Pose Running Vs. Chi Running
To improve as a distance runner, you obviously need to focus your training on the cardiovascular and leg-speed side of things -- covering increasingly longer distances, improving your all-out mile time and learning to conquer hills. That said, good running form is critical and often difficult to achieve. Toward the end of the 20th century, a couple of new programs arose to meet this need -- Pose Running and Chi Running.
The Pose Method, developed by Olympic coach Nicholas Ramanov in the 1970s in what was then the Soviet Union, is touted as a way to avoid injury and improve running performance through specific poses. You can hire Pose specialists and technicians throughout the United States. and Canada as well as overseas, and clinics are offered in a number of large and mid-sized cities. Its chief characteristics include an S-shaped posture with your knees slightly bent and a forward lean from the ankles. You lift your feet under your hips rather than behind your butt and ensure that your foot lands directly under your center of mass.
Chi Running, conceived by Danny Dreyer in 1999, blends the physical with the ethereal. Based on the movement principles of the ancient art of tai chi, which aims to harmonize the body, mind and spirit. Chi Running promoters claim that it can make your running more efficient and pain-free and therefore more enjoyable. In theory, by relying on your core muscles for stability and relaxing your joints, you need less energy to cover the same amount of ground in less time than when using the conventional running form.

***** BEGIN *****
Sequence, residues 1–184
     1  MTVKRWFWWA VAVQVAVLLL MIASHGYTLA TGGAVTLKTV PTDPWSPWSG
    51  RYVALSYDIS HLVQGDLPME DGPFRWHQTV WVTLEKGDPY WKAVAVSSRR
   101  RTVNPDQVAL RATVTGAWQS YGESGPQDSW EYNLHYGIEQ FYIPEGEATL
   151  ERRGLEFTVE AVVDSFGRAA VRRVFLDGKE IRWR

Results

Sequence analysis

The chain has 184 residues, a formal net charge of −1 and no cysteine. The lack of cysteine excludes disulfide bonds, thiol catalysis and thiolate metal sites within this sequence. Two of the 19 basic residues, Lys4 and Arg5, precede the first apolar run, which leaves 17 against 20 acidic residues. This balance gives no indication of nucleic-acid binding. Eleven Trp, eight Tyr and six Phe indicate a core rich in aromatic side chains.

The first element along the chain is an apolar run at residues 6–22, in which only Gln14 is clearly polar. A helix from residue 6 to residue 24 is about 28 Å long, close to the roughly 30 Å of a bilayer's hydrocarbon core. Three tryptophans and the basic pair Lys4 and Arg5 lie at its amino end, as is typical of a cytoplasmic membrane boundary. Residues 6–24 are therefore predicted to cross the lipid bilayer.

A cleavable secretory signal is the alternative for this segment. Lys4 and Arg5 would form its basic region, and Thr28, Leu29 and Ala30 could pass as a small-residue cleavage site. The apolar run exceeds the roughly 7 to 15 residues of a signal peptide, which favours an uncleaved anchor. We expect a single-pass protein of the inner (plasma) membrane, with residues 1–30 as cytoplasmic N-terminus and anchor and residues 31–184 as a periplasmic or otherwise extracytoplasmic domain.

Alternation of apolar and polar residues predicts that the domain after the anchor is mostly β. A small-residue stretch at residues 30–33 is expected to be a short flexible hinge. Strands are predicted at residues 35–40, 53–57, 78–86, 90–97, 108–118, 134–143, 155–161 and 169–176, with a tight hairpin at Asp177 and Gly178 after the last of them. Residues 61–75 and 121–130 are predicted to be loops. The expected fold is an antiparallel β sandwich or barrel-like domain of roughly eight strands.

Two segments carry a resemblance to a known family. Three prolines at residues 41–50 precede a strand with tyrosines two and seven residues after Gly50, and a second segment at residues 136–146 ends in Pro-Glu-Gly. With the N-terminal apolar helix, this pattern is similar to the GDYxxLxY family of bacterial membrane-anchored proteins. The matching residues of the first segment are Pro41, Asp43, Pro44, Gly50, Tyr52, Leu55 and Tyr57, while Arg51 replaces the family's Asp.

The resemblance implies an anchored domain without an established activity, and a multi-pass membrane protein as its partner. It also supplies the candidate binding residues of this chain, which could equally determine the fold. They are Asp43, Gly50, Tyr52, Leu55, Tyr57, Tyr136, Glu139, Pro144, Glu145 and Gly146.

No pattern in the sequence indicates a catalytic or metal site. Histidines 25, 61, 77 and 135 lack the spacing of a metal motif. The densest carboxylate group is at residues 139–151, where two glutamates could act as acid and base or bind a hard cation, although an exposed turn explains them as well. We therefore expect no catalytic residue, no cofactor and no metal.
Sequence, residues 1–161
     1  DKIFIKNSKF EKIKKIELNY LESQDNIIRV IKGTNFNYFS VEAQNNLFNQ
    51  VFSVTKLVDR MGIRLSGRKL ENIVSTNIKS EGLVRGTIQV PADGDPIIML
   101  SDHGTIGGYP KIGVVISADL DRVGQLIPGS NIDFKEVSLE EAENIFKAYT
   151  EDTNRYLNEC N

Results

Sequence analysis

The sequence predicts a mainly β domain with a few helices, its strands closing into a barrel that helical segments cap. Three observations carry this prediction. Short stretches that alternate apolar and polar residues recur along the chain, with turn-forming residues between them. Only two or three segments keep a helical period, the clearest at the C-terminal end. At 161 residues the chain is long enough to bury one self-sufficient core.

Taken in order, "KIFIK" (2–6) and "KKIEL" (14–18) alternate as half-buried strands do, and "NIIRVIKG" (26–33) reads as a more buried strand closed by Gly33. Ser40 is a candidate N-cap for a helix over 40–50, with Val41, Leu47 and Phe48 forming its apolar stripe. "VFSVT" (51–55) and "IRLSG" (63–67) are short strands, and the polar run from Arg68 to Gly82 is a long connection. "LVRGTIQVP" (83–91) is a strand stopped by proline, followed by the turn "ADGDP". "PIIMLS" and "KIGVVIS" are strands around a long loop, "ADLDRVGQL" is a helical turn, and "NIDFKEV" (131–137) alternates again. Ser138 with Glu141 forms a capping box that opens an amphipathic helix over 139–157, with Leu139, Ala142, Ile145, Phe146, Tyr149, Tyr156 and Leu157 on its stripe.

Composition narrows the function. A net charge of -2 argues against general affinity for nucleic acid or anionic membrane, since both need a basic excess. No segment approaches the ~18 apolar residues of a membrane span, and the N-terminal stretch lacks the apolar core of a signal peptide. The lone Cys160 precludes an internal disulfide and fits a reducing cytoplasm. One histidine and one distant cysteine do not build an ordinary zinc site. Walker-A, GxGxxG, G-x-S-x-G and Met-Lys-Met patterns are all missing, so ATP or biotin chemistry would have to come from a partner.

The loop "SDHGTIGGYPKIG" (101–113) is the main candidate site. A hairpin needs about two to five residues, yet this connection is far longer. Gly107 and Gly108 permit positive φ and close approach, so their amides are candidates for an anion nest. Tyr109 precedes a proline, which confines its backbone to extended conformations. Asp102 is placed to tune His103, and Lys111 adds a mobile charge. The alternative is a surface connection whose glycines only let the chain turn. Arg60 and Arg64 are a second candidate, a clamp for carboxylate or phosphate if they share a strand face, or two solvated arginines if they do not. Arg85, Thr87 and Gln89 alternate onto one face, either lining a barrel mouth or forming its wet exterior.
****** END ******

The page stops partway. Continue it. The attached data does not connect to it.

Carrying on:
Similarities and Differences
Both Pose Running and Chi Running stress that practicing a certain body position -- in both cases a forward lean from the waist -- and placing the feet directly under your center of gravity when landing can make you a more economical runner because you relax more and use downward-acting gravitational forces to your own advantage. Pose Running, however, involves what its name implies -- static positions -- to reinforce new form, while perfecting Chi Running means actually running using given principles. Each entails watching videos with or without in-person instruction along with way.
Although the websites of both of these techniques offer a number of testimonials touting their efficacy, neither enjoys the endorsement of any top-level distance runners or elite coaches. Similarly, neither Pose Running nor Chi Running, despite years of exposure, has been embraced by significant numbers of people at the high school or collegiate level..
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